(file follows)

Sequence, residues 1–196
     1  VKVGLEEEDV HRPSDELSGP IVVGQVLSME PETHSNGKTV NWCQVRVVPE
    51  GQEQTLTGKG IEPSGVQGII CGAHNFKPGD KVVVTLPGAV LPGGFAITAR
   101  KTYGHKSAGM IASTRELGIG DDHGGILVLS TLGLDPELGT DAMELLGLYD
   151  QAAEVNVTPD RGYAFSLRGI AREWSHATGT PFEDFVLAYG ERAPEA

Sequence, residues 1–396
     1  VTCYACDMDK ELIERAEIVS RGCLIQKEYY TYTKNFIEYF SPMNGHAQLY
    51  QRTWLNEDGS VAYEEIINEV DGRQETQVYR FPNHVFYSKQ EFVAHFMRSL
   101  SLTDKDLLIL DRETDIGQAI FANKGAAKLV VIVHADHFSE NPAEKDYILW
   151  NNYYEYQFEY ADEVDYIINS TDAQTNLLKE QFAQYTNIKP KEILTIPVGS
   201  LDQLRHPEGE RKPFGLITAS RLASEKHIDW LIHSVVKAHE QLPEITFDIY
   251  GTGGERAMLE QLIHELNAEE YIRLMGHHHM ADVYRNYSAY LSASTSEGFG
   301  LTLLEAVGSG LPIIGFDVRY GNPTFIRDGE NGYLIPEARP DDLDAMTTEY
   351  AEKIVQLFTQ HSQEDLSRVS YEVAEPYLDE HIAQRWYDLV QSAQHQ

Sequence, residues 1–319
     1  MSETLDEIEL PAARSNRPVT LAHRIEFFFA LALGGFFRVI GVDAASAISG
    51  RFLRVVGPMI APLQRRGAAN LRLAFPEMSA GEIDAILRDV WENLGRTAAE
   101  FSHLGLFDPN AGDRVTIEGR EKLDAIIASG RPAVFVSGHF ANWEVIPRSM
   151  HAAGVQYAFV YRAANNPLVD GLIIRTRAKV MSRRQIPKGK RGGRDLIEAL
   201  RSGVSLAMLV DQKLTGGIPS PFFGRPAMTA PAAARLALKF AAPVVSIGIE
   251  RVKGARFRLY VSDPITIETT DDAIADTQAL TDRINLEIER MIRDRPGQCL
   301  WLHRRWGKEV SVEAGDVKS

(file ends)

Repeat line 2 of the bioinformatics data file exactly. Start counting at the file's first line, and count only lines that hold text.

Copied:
     1  VKVGLEEEDV HRPSDELSGP IVVGQVLSME PETHSNGKTV NWCQVRVVPE